No Emergency Department is fully prepared and stocked to manage 41 trauma casualties arriving in 45 minutes as happened at Christchurch Hospital in New Zealand in 2019.
Crisis Medicine’s First Receiver class is designed to teach non-trauma center Emergency Department personnel Tactical Emergency Casualty Care and move TECC into the ED. We explore the literature on recent “No Notice” active violent incidents, and extract lessons learned from those events in order to better manage the chaos of an ED receiving an overwhelming number of casualties.
This term First Receivers was coined in reference to terrorist attacks using chemical or biological weapons. In 2003, Kristi Koenig1 used the phrase “First Receivers” as a reference to Emergency Physicians who might care for chemically contaminated casualties after a terrorist event. The suggestion was made that First Receivers are “clinicians and other hospital staff who have a role in receiving and treating contaminated victims (e.g., triage, decontamination, medical treatment, and security).” They described contaminated casualties arriving at hospital EDs, who were likely to be neither adequately equipped or prepared to deal with decontamination of the wounded. Although the Fire service and EMS have plans to decontaminate those involved in an attack, “80% of casualties from the scene of a chemical release self-refer to the hospital.” 1
This term was in contrast to the more common term “First Responders.” Some have argued First Receivers are a “a subset of first responders” (e.g., firefighters, law enforcement, HAZMAT teams, and ambulance service personnel). However, most First Responders typically act at the site of an incident, as opposed to in the Emergency Department or Hospital. 2
As part of the chain of survival concept, the Committee for Tactical Emergency Casualty Care (C-TECC) has used the term First Receivers in a similar context to describe fixed facility healthcare workers who would be the first to provide care to casualties of an active violent incident. In the Las Vegas shooting in 2017, 80% of those patients arriving at one Las Vegas hospital came by private car, cab, or ride-sharing app, and many arrived before EMS. 3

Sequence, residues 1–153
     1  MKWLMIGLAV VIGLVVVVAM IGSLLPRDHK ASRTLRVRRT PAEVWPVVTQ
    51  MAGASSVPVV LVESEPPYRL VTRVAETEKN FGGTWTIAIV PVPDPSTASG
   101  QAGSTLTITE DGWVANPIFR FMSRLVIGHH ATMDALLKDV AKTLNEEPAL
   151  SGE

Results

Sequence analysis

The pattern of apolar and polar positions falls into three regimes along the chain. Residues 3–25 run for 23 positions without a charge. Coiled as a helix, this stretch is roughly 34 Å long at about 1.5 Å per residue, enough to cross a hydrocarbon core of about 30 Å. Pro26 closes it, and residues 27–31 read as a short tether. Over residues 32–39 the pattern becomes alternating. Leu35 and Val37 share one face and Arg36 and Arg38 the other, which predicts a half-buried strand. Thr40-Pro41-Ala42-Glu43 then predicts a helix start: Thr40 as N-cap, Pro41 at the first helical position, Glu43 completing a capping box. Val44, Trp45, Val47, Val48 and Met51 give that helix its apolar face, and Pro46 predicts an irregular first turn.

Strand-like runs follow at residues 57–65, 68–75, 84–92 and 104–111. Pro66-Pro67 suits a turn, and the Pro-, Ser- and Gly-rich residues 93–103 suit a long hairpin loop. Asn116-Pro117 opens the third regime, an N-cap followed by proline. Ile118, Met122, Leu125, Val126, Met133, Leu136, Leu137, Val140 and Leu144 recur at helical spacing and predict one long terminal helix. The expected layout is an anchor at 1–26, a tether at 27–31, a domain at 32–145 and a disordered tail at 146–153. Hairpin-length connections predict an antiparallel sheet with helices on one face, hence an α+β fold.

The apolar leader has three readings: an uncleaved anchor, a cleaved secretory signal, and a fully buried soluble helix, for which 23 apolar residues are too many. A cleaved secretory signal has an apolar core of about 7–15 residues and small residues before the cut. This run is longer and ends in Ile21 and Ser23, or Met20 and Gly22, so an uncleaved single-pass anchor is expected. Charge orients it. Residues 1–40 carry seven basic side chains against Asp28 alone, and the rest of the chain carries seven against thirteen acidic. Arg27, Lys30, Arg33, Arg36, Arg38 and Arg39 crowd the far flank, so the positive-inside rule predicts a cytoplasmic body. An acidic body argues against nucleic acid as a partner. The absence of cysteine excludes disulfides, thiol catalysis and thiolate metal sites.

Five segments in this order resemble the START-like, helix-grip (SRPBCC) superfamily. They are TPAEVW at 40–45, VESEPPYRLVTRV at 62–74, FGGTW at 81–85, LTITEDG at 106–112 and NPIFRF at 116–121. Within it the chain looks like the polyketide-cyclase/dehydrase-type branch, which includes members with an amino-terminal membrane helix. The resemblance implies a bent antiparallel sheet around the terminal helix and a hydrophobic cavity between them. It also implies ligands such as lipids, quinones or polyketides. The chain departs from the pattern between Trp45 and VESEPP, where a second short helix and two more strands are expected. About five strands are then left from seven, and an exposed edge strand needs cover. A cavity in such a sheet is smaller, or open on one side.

Emergency Department based medical providers are well trained and equipped to manage critically injured and ill patients who arrive in the course of a typical shift. However, looking at the ED experience of overwhelming numbers of patients in prior ‘No Notice” mass casualty events has much to offer when considering one’s own medical responses, planning, and familiarization to these events.
The medical community does a good job of studying some details of these incidents. We know how many blood products were used in the casualty management of the Las Vegas shootings. Those details are quantifiable. Unfortunately, “lessons learned” from these events are often not captured or promulgated. For example, every Emergency Department always runs out of chest tubes, but that detail does not lend itself to publication. Institutional knowledge of how to effectively run an ED during one of these events, where business-as-usual will not work, is also minimal as almost no department has done it more than once.
There will always be friction points, confusion, and equipment limitations regardless of planning, but by identifying patterns and recurrent problems in these events, Crisis Medicine’s First Receiver class will help you plan in-depth for how to manage these events in the Emergency Department.
For a brief introduction to the course, watch the overview, or click the button to start training.
1 Koenig KL, Strip and Shower: The Duck and Cover of the 21st Century. Ann Emerg Med 2003, 42:391-394
2 OSHA Best Practices for HOSPITAL-BASED FIRST RECEIVERS OF VICTIMS from Mass Casualty Incidents Involving the Release of Hazardous Substances. January 2005
3 ASPR TRACIE Tip Sheet: No-Notice Incidents 2018